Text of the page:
a patch that might help on small-memory machines (was Re: 2.1 MM [was: Re: 2.2 will never come..])

Kevin Buhr (buhr@stat.wisc.edu)
06 Jul 1998 17:02:12 -0500

MOLNAR Ingo <mingo@valerie.inf.elte.hu> writes:
> Stephen (and me too) is pretty much focused on getting this right, to fix
> the SLAB stuff and to tune all the little knobs in the VM. The situation
> was similar in the late 1.3 days, so i wouldnt worry too much :)

Here's some food for thought. Note that Bill Hawes will hate this, so
nobody let him see it, okay? ;)

You might want to pay particular attention to the allocation and
freeing of *inodes* (and, to a lesser extent, dentries) as they
concern performance on low-memory machines. Since not long after
Linus first rewrote "fs/inode.c" in the 2.1.xx tree (around the
2.1.50s), I've been using a patch which frees inodes much more
aggressively than the stock kernel does when memory gets tight, and
I've had much better luck with it on small-memory machines.

Under a stock kernel, the number of allocated inodes seems to grow to
the maximum of 4096 and then just sit there, no matter how tight
memory gets. Inodes are being freed, of course, but no faster than
they are being reallocated. This is what I've observed in practice.

Now, imagine the effect of around 275 pages of inodes (4096 inodes at
about 15 inodes a page) on an 8 meg machine (2048 pages, not
subtracting the several hundred pages needed for kernel code and other
semi-permanent data structures). With maybe as many as 1 in 5 pages
dedicated to inodes, we should not be surprised to encounter some poor
performance and serious fragmentation now and then.

I'm not claiming my patch implements the best strategy (or even a
particularly good one) for freeing these inodes, but it points at a
rather guilty-looking suspect in this whole MM mess. It also stuffs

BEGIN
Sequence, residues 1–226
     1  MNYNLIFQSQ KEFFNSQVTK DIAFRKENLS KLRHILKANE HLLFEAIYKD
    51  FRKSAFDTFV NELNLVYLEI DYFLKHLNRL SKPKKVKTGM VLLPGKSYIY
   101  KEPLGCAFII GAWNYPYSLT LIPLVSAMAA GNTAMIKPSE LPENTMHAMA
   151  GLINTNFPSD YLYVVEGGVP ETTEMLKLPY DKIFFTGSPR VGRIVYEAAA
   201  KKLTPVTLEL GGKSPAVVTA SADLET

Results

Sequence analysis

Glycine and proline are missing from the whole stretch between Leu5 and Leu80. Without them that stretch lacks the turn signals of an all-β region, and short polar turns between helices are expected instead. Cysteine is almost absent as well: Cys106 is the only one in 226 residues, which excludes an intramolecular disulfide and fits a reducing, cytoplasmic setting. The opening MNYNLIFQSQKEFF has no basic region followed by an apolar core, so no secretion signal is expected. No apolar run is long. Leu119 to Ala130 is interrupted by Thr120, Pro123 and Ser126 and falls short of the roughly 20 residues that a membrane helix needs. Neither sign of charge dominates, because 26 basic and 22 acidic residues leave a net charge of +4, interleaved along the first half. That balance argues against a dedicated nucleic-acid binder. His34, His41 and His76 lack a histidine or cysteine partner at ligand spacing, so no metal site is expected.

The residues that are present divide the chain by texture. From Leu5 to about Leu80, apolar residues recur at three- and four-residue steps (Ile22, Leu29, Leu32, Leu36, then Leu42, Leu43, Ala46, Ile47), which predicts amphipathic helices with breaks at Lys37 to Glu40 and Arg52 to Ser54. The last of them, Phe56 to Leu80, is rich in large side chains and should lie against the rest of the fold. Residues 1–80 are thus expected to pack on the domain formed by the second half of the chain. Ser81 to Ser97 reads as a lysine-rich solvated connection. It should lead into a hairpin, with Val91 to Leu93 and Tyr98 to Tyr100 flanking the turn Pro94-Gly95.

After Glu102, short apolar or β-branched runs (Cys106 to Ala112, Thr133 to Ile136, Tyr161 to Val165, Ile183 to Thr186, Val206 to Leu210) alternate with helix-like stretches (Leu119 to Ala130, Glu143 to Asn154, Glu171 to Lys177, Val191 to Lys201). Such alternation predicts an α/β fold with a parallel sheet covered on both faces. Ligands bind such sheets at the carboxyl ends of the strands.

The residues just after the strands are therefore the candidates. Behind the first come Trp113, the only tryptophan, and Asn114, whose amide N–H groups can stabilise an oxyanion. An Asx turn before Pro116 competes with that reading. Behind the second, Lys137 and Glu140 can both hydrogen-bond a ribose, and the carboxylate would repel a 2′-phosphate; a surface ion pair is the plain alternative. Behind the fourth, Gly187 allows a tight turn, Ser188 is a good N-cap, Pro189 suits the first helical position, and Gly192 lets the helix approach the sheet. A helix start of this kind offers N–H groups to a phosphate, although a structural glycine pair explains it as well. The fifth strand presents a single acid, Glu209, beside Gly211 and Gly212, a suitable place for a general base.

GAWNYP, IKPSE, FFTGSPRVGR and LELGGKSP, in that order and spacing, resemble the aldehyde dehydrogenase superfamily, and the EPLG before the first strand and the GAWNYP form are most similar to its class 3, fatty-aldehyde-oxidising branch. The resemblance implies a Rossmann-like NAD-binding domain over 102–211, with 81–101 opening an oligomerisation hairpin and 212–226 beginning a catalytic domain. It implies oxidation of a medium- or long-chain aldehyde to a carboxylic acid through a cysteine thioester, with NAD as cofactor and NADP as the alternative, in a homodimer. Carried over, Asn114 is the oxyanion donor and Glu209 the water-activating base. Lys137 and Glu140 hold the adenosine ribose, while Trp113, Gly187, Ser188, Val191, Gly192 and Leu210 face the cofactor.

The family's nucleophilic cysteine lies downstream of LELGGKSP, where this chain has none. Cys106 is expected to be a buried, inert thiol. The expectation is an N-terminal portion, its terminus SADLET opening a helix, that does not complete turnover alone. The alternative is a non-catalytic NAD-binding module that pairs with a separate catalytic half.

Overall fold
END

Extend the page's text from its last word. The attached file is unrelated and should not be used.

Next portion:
inodes and dentries into dedicated SLAB caches, which seems like the
right thing to do. It *also* puts no artificial upper limit on
allocated inodes: the inode cache can now grow huge, it's just pruned
much more aggressively.

Anyway, enough talk. For me, the proof was in the pudding. At one
time, stock kernels, after the nightly "updatedb" or a few "cvs"
commands, rarely stayed up more than a couple days on a small-memory
machine. Eventually, "fork" would start failing with "out of memory"
errors until I rebooted. On the other hand, my patched kernels stayed
up for weeks.

Nowadays, the stock kernel fares a little better, but I still think I
get much better mileage out of my patch.

The patch, against 2.1.106, is a bit long for the list:


Note that its clearly a patch-in-progress, so it's not particularly
succinct; there's plenty of useless cruft that has nothing to do with
its main thrust. It will probably apply with only modest manual
intervention against 2.1.107 or 2.1.108 kernels, though of course I
haven't tested it with anything past 2.1.106.

I'd appreciate feedback if people find this helps (or fails to help)
on itty, bitty 8 meg or 16 meg machines.


Kevin <buhr@stat.wisc.edu>

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